Composing words and music are both forms of writing, totally different, and yet so very much the same.

~

If you are a writer, do you find your creativity spills over into other forms of art?

~  ~  ~

Graphics by digitalart

 

Books as Wall Art?

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One of the bloggers I encountered during my ‘Freshly Pressedadventure is very crafty. In checking out her blog, Almost Never Clever, I discovered her living room wall art project – a framed collage of sections taken from used books.

This involved cutting apart dozens of books, something that normally would make readers and writers cringe. It’s akin to writing in the margins, highlighting and underlining. Some of us do that with wanton abandon; others can’t bring themselves to the desecration.

I have a musical friend who framed old sheets of music for her music room wall and I thought she was a genius. But dissembling books is so permanent. I’m not sure if I could do it. On one hand, the art focuses attention on beloved pieces of literature, features favourite passages. On the other, it’s destructive… almost seems cannibalistic to one who views her books as old friends.

What do you think? My question isn’t intended to direct criticism at the artist because art is always a personal expression of creativity. I’m just wondering if such a project would appeal to you. Is it something you could do without hesitation?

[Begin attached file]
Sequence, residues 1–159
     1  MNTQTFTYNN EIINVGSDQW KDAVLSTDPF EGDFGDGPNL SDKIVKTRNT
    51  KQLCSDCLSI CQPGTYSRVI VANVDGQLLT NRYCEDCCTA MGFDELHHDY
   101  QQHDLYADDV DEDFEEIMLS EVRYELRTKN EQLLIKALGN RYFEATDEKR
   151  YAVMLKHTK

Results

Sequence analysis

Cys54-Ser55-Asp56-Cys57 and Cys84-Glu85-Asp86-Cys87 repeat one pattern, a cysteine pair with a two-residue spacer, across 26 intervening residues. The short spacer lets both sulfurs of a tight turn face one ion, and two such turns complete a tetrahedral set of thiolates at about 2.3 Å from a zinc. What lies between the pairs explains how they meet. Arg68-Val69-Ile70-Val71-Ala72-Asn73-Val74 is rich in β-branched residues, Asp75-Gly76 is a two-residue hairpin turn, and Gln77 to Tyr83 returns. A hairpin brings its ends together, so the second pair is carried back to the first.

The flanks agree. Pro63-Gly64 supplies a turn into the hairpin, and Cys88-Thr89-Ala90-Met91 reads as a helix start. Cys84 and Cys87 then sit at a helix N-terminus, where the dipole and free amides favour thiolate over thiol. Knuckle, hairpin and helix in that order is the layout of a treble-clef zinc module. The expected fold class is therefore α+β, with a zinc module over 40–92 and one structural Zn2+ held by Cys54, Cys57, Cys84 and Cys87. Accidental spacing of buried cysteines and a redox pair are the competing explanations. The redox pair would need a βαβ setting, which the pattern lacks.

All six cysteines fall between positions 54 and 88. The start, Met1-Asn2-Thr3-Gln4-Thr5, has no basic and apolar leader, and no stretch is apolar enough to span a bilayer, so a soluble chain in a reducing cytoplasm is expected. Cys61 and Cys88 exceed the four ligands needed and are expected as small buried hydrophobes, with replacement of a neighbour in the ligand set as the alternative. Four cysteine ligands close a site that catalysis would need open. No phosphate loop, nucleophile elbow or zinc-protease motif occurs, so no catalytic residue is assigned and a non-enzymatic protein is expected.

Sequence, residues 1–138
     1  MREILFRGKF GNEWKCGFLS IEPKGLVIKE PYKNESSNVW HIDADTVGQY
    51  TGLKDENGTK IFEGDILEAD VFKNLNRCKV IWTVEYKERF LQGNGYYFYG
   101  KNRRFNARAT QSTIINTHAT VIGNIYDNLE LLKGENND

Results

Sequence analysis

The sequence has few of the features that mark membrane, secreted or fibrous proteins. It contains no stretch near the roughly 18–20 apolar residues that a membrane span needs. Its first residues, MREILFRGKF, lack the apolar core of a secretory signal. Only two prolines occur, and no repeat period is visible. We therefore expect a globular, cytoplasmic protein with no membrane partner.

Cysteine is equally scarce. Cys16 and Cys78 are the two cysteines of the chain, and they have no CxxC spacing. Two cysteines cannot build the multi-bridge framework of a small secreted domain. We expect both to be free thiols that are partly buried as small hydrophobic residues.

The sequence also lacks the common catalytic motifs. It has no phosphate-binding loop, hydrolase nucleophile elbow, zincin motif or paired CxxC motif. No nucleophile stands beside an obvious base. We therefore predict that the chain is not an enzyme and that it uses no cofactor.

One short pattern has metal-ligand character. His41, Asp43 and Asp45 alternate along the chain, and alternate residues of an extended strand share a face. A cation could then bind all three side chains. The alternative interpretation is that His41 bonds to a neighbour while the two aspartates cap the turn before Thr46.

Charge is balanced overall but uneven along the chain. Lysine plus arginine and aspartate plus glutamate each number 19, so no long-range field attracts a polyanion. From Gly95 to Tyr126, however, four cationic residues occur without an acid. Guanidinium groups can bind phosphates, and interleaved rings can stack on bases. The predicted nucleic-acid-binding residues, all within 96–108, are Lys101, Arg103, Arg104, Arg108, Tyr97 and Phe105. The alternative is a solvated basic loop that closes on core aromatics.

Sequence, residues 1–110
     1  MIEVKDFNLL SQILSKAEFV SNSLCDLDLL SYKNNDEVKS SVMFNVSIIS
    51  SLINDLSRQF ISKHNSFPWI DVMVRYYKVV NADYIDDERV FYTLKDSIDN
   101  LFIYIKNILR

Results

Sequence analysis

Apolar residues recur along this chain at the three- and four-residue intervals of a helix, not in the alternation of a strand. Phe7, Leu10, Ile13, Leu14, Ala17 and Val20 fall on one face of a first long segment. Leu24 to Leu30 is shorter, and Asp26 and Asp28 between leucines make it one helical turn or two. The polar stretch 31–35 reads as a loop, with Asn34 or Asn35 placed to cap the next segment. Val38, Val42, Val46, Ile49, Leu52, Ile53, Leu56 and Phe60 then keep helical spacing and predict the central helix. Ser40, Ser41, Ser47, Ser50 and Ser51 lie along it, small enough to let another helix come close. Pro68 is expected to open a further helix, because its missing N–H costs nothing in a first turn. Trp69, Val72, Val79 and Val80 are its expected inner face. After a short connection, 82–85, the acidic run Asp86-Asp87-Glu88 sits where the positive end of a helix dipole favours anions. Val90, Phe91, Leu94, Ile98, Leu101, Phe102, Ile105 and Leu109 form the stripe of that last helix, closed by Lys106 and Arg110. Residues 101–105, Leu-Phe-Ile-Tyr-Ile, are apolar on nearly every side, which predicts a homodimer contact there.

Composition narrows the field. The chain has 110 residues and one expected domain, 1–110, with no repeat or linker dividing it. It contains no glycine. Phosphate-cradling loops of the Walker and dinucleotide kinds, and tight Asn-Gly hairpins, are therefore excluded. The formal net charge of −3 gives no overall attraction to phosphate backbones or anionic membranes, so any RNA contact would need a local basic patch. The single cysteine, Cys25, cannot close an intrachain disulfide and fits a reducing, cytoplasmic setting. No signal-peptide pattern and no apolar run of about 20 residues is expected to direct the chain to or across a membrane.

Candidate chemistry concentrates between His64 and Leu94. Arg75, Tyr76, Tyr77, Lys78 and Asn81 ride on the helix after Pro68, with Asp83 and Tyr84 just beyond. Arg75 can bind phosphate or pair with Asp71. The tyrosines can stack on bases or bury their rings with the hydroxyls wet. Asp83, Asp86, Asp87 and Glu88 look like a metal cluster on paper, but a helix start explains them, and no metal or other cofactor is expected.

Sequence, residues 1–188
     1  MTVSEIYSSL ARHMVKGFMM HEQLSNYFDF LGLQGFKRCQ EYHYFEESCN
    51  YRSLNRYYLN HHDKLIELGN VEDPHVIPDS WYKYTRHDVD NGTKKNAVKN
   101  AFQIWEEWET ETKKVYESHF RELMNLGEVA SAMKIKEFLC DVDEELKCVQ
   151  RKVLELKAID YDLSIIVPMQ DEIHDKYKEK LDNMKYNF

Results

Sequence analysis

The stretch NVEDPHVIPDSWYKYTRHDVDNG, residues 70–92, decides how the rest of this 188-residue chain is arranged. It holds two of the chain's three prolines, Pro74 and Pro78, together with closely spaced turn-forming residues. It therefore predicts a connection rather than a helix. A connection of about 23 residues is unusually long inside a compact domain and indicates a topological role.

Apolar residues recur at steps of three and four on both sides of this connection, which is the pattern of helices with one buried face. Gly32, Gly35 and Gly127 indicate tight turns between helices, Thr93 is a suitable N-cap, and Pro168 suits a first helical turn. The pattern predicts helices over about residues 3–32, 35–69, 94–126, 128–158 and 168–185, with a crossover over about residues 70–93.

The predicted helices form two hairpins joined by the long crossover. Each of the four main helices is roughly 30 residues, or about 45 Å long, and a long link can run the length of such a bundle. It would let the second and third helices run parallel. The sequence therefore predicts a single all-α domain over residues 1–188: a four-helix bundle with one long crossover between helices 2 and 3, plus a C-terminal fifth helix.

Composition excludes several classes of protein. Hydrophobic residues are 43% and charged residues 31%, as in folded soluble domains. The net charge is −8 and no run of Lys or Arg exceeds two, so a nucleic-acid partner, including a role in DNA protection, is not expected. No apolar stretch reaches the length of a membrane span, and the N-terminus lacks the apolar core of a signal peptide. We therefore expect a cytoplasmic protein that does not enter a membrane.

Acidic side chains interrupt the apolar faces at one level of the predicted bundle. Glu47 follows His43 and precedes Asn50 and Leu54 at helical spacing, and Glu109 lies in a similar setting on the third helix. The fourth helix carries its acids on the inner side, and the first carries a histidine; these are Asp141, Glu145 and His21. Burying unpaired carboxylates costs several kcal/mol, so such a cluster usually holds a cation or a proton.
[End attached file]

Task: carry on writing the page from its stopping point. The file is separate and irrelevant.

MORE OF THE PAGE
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I Like It. She Doesn’t.

Not long ago I mentioned that I don’t choose books based on reviews. What one reader likes in a story isn’t always what satisfies another. Do you ever wonder why that is? Why one agent passes on a manuscript because it doesn’t ignite a spark, and yet another agent will become a passionate advocate of the same story?

Some years ago I designed a small stained glass piece for a church group in Port Alberni — a fish symbol suspended on the diagonal midway between the indigo of sky and ocean, and the green of land. Deciding on exactly the right colours wasn’t easy. Depending on where it would hang (south-facing window, on a wall, in a dark alcove, etc.), the light would affect the perception of its colours.

A Benedictine monastery near where I live provides a worshipful environment enhanced by the effect of unusual stained glass windows. The chapel is circular, and the colours of the glass gradually change from one window to another around the perimeter. Depending on the time of day and location of the sun, the light infusing the chapel glows with different hues.